The American Buff Goose has long been the ‘go-to’ goose for small farmers. There is a very, very good reason for this too. This Goose is not only smallish (but still large enough for a good meal), but it is incredibly simple to raise as a pet. Let’s take a little look at this breed in a bit more depth, shall we?
The Origins of the American Buff Goose
The American Buff Goose, as the name suggests, is an American breed of goose. While it has likely been around for a lot longer, this breed was officially recognized as its own distinct breed at the tail end of the 1940s.
We also know that the breed was developed from the Greylag Goose, although our knowledge about the American Buff Goose ends here. Nobody really knows who developed the breed.
We also really do not have that much of an idea about where the breed was bred. There are some indications that the buff feathering was developed in the US, but other people seem to suggest that the buff feathering was developed in Europe and then imported in. Sadly, we are not likely to ever know the real story on this one.
While this is regarded as a popular breed for small farmers, this breed is critically endangered. It is only really found in the United States., At the last count, there were under 500 breeding pairs of this goose left.
So, while it isn’t likely to be disappearing any time soon, it is important to note that there is a chance that it may do in the future if something is not done about the breed.
The Look of the Goose
This goose doesn’t really look any different from your typical Greylag goose. It is the same shape. While this goose isn’t the smallest goose in the world, it is a medium weight bird. They weigh around 18 lbs (8kg), on average.
They are distinct from the Greylag Goose due to the coloring of their feathers. There is an ever so slight apricot-colored tinge to them, with most of the coloring focused on their neck feathers.
The rest of their feathers are white. It truly is one of the more beautiful breeds of goose.
As a Show Bird
While there is a recognized breed standard for this bird, we do not think it has ever been raised as purely a ‘show bird’. While there probably are shows on occasion, this goose is mostly going to be a practical goose, purely raised to produce eggs and meat.
That being said, this is still a goose that looks good. If you are not a fan of the typical Greylag Goose and want something that has a bit more colored added to it, then the American Buff Goose may be ‘just the ticket’. You won’t be entering it into shows, but it is certainly going to look good wandering around your yard, right?
The American Buff Goose Eggs
Like most breeds of goose, the American Buff Goose is not going to lay an astonishing number of eggs per year. Their egg production capabilities are pretty much confined to a few short months of the year.
However, this is still one of the more popular goose breeds for egg-laying, because it is pretty consistent on that front.
Generally speaking, you can expect to get around 20 eggs per year from your goose. Although there are some American Buff Geese that will lay as few as 10 eggs.
While you can eat the eggs, due to the small number that the bird produces, most people will be using them with the intention of breeding. Once laid, the eggs will take roughly a month to hatch.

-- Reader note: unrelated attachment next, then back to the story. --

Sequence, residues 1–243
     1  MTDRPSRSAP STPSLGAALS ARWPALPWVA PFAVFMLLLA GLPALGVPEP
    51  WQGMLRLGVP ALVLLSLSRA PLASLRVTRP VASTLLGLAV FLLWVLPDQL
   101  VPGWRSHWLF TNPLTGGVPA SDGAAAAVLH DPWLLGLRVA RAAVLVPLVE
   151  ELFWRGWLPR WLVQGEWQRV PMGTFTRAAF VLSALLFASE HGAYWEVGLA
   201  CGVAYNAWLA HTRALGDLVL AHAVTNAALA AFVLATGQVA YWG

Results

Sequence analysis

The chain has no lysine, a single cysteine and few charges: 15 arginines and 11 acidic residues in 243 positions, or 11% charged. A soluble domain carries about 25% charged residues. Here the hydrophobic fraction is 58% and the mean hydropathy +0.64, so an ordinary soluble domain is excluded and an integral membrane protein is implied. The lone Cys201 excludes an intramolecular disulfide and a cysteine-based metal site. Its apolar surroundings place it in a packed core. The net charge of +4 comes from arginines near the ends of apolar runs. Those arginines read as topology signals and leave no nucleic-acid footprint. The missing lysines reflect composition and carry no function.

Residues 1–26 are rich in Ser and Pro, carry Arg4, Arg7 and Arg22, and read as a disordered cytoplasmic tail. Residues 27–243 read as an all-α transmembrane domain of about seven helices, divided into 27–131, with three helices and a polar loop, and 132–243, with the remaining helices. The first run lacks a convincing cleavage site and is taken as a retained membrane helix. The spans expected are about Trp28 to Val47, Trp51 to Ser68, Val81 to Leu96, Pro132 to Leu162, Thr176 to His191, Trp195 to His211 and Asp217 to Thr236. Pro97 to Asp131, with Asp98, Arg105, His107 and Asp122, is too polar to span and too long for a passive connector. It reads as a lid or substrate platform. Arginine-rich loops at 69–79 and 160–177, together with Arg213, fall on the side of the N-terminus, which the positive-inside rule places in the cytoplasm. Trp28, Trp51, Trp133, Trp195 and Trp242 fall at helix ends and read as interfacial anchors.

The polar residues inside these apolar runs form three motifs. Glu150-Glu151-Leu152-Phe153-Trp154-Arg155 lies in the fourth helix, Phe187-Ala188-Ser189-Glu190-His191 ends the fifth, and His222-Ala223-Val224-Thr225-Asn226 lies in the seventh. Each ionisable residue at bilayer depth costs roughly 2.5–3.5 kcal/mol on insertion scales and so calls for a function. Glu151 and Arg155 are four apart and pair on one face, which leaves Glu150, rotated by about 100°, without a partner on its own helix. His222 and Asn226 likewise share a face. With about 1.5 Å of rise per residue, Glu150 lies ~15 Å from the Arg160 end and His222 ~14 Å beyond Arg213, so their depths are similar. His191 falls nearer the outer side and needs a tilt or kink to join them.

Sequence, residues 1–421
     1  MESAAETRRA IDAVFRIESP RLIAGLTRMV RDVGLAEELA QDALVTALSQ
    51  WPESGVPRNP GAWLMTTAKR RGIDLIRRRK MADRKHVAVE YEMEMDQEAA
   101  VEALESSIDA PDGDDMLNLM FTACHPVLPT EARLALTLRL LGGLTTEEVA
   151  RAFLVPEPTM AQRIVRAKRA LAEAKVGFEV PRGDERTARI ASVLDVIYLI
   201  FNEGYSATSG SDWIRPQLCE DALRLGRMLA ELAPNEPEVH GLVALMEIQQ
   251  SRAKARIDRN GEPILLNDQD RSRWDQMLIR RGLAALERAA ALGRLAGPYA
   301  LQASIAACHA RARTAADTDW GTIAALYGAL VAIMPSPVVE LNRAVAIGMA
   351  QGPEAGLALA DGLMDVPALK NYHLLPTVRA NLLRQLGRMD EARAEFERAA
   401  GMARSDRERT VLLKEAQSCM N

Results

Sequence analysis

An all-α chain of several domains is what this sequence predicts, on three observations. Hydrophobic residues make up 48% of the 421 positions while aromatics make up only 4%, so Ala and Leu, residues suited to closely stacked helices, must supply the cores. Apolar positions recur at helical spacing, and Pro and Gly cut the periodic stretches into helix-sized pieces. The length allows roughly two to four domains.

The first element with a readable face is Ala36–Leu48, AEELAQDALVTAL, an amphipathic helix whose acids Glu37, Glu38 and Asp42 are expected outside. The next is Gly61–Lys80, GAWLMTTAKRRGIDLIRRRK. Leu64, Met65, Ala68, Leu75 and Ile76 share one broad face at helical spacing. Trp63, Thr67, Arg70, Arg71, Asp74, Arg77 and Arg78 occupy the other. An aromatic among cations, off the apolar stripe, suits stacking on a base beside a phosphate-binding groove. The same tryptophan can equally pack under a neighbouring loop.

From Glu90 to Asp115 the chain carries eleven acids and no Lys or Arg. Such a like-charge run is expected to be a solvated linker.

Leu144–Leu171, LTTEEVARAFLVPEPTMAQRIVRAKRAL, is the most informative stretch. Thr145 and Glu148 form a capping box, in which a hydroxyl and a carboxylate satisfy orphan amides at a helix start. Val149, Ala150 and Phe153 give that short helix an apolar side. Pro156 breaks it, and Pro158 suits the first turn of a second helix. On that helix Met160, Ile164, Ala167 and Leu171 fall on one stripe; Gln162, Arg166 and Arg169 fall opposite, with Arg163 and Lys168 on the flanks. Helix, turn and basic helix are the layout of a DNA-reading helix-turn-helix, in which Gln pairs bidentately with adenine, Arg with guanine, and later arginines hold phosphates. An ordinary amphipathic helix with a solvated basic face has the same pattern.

The brilliant thing about the American Buff Goose is that this is one of the broodier breeds of goose. They are well-known for being able to raise their young. In fact, they are so broody that it is likely that you will be able to use them to raise the young of other breeds of goose too!
So, if you have geese that are less-broody, it may be worth introducing an American Buff Goose or two into the flock. It could help with breeding more birds.
The American Buff Goose for Meat Production
Like most geese, the American Buff Goose is likely to be destined for the table at some point. Outside of a small number of eggs and just ‘looking good’, there isn’t really that much production for a goose.
As we said before; this is a medium-sized goose. This means that it should be perfect for a family gathering. You do have a substantial amount of meat here too.
Leading up to the slaughter, the American Buff Goose puts on a decent amount of fat, which helps to contribute to the weight and, of course, means that the bird ends up being a lot more delicious when you eat it.
If you can get a decent breeding flock of this goose available, you should always have some goose meat available.
Raising the American Buff Geese as Pets
The American Buff Geese are perfect as pets. It is said that this is one of the friendlier goose breeds out there. This means that it is going to be the perfect goose breed for a family. It is helped by the fact that it doesn’t really have any special care requirements either.
This goose can be raised without too many issues. There are no known health issues for this breed of goose.
The only real problem that you will have with the American Buff Goose is that it is one of the more inquisitive of breeds. This means that it is prone to wandering off, and sometimes can get itself into a spot of danger.
Perhaps the only way to get around this is to ensure that your goose is fenced in at all times. Although, of course, do bear in mind that it is still a large bird, so do make sure that it has a ton of space to wander around in.
See also: The amazing Sebastopol Goose.
American Buff Geese for Sale
If you are lucky enough to live near a local hatchery where you can find American Buff Geese for sale, that is great. If, however, you are among the unfortunates that are unable to do so, consider the following hatcheries as good options, where you can find American Buff Geese for sale. On average the American Buff goose price will range from $20 for males and $40 for females.